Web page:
us remember a comedy great and somebody who's done so much for this country. especially through his philanthropy work. thanks for being with us tonight. >> you got it. what are all these different topped & loaded meals? it's an american favorite on top of an american favorite, alice. it's like rodeos on top of rollercoasters. get your favorites on top of your favorites. only at applebee's. get your favorites on top of your favorites. it survived 4 food fights,ew but old, home: a one-coat wonder named "grams", and rolled with multiple personalities. number one rated marquee interior. behr's most advanced one-coat hide paint.
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it's a rare opportunity for millions of americans. on monday, a little over 24 hours from now, a total eclipse of the sun will be visible had the mainland u.s. for the first time since 1979. 99 years since a solar eclipse crossed the entire u.s. and 60% of americans living in states that lie in the direct path of this ecollapse plan to catch this historic event according to a cnn poll. half of americans nationwide kplan to experience it in some way and hopefully will take precautions. learned the hard way, louis was injured doing a partial eclipse. thanks for spending time with us. you were a teenager when hurt back in the 1960s. take us back and walk us through what happened. >> well, i was going to marshal high school, 1963. science teacher said after school will be an ecrips of the
sun athe -- eclipse of the sun i thought i'd take a look at it walking home from school with my friend roger. about 3:30 in the afternoon, we both stopped, looked up at the sun. took about 20 seconds, we looked at it, saw the moon crossing into the face of the sunday and then we quit looking at it and walked our mile home. and the next day, there was little spots -- and then it lasted for 50-some odd years now, since that injury took place, so did it hurt your eyes when you were looking at it? or simply some of your vision just was blurry and spotty and that happened so much later, you didn't even realize it at the time when you were looking at it that it was doing damage? >> yes. and the human eye, the outer surface of the human eye, like when you poke your eye, is very sensitive. the back of the eye, the retina,
has no pain sensors, and so when those rays are going in there, they're birning a hole in the re retina and you don't even know it. >> that is just wild. what can you see and can't you see now all of these years later? >> well, roger and i were very lucky that we burned just one eye. the people that looked with one eye then switched over to the other eye, they have a spot in both eyes where they probably can't drive a car. roger and i with both eyes opened, can see perfectly normal. if we shut our good eye, then we can't even read a book. >> wow. what do you want people to know before tomorrow's eclipse? >> well, i want them to be safe. myself, i'm going to go out and enjoy the eclipse, but i'm not looking up at the sun with or without glasses. i'm going to enjoy just seeing
shadow coming and it getting dark. some of these glasses are on recall now. i heard of people breaking glass and spray painting it black and going to look through it. it's not worth it with your eyes. you only get two eyes and they're very delicate little instruments. >> yes. >> and so they've got to really be careful. i'm worried about the children. the glasses slipping off of them. is tuesday morning going to be the big news story? millions blinded by the solar eclipse? that's my worst fear. >> well, we certainly hope not. of the danger and hopefully people take those precautions. our day care for the youngest is planning to keep the kids inside all day tomorrow because of that fear of what could happen. thanks for shares your story with us. >> thanks for spreading the word. >> all right. have a great weekend. now, in this week's "fit nation," a transgender scientist makes history.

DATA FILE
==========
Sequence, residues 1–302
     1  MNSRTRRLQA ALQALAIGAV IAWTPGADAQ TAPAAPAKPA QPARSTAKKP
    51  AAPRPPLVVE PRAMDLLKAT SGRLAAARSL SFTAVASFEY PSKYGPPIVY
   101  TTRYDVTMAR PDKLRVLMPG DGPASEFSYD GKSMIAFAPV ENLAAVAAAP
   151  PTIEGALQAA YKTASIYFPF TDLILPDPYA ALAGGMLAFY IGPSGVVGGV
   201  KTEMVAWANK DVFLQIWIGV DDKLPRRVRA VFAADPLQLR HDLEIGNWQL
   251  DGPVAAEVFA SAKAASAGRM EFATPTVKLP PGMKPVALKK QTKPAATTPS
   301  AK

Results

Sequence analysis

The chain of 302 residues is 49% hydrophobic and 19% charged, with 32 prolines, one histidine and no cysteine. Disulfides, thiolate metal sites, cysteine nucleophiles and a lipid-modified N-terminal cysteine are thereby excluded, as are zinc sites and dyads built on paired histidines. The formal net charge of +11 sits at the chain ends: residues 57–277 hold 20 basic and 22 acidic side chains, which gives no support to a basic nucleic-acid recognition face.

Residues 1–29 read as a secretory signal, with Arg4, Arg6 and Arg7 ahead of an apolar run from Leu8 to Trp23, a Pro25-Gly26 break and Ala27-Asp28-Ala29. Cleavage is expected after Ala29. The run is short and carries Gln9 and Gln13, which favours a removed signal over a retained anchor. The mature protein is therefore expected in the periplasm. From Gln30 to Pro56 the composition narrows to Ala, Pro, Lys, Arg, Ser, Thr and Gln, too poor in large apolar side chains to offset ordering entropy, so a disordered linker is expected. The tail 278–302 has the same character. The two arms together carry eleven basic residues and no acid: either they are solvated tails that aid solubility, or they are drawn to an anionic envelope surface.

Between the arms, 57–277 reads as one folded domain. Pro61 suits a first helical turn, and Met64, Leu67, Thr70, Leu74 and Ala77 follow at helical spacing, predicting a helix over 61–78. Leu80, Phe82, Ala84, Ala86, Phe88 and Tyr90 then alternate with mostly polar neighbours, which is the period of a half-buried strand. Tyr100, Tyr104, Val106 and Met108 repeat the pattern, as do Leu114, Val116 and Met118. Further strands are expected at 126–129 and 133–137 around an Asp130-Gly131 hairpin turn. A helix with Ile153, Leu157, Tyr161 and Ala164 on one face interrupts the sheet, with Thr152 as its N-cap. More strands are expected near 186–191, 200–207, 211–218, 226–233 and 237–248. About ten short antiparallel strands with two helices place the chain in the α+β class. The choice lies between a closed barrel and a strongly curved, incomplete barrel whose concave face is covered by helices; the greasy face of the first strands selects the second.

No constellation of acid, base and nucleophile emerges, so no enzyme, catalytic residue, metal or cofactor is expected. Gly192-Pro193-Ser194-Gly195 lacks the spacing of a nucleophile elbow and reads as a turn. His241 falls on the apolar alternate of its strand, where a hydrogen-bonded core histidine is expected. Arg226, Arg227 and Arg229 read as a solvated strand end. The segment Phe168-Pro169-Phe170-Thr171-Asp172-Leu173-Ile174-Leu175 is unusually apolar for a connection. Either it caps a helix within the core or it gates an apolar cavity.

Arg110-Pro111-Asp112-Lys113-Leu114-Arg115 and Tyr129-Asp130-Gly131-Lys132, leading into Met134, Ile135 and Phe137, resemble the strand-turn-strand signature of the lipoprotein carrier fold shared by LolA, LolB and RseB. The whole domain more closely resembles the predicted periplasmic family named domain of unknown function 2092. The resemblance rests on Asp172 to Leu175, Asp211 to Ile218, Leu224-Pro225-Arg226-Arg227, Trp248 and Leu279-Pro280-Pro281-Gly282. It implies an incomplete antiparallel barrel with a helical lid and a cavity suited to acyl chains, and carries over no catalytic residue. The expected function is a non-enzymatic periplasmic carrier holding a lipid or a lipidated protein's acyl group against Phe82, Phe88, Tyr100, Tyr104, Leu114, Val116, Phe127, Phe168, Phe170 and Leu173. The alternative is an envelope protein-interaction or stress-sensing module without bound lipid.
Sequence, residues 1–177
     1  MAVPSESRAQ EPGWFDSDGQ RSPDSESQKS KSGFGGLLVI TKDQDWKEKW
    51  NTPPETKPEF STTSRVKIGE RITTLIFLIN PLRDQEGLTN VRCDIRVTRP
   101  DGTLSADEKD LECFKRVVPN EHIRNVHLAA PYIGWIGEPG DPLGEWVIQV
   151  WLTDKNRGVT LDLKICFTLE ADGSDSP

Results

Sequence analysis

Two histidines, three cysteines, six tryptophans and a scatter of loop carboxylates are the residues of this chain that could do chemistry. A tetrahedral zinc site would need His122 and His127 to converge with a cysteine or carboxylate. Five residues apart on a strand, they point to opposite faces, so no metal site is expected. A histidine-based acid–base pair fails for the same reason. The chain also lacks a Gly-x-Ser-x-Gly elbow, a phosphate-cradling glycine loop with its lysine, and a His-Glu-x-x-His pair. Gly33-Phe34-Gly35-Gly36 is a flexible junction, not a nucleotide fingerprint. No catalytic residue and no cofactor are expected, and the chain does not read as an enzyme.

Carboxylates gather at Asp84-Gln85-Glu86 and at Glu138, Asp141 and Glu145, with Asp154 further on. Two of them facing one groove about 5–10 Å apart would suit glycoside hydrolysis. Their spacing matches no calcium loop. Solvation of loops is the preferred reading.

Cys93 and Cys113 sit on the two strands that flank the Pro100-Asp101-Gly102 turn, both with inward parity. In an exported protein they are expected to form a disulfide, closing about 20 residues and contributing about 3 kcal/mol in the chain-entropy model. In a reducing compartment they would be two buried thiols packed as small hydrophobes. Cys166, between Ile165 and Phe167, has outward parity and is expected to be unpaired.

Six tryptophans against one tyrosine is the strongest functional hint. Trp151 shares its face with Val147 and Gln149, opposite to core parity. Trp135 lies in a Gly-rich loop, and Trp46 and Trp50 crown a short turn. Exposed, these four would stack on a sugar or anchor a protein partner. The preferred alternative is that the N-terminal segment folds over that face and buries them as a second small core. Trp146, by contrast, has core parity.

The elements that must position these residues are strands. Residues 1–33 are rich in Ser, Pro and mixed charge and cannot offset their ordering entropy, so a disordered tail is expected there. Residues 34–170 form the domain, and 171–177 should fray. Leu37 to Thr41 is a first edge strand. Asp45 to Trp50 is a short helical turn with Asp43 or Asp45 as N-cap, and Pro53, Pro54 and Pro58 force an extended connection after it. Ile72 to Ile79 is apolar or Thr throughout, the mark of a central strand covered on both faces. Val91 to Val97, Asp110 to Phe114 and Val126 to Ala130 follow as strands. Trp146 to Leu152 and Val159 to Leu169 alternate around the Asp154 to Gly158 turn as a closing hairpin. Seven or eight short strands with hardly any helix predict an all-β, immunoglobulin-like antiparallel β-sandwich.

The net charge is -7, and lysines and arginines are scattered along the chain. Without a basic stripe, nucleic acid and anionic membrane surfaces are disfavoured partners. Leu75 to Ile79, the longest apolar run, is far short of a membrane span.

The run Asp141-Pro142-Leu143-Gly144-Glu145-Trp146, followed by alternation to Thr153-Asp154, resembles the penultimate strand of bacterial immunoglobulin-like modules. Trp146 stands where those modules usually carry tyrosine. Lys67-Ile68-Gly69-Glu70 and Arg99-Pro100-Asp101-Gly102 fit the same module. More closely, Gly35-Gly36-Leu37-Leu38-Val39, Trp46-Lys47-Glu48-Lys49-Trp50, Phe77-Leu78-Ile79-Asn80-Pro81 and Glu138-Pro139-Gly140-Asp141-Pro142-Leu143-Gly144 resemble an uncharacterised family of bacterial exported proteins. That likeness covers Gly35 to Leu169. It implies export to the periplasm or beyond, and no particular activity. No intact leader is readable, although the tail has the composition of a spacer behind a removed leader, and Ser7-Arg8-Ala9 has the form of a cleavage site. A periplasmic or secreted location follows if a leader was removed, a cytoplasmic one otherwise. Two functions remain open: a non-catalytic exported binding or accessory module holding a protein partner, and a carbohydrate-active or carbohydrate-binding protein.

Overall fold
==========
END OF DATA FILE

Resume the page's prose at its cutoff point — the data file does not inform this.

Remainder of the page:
cnn's dr. sanjay gupta has her story. >> cycling offered me a sense of stability in my life. i worked through every life situation on my bike. >> reporter: jillian bearden is an elite cyclist, but her ride hasn't been easy. >> i was born male, as jonathan paul bearden, having this identity going on in your mind, you struggle on a daily basis. >> reporter: to cope, jillian turned to cycling and began competing in the male circuit, but her struggle with her identity persisted. >> i was contemplating suicide, to want to kill yourself when you have children, when you have a wife, that's a hard decision to make, but that's how dark it is. >> reporter: jillian decided to tell her family and with their support began transitioning. jillian worked with officials at usa cycling and after months of talks and hormonal tests granted her a license to race as a
female. >> finally on that woman's team i've always longed for. >> reporter: now she's about to compete in her first professional cycling race as a woman. the colorado classic. >> this race is important, because i'll be the first transwoman athlete in the united states to race in the pro field. >> whew! >> caller: the colorado classic is a two-day team cycling event that draws some of the top cy e cyclists in the world. >> you have 83 other riders hitting speeds of 42 miles an hour, it's a crazy thing. >> reporter: jillian qualified in time to qualify for the second race. a grueling race in breckenridge, colorado. at an elevation of almost 10,000 feet. >> it's going to be intense and really hard, but i'm just -- really blessed to be able to participate in this. >> reporter: the steep hills prove tough, and jillian fell behind the pack. still, she pushed through to the end.
out of 74 riders, jillian came in 34th. >> it felt amazing. i've won the race already. i'm alive. i am my true self. and that's the best race there is. >> announcer: "fit nation" around the world in eight races. brought to you by -- is lloyd. to prove to you that the better choice for him is aleve. he's agreed to give it up. ok, but i have 30 acres to cover by sundown. we'll be with him all day as he goes back to taking tylenol. yeah, i was ok, but after lunch my knee started hurting again so... more pills. yep... another pill stop. can i get my aleve back yet? for my pain... i want my aleve. get all day minor arthritis pain relief with an easy open cap.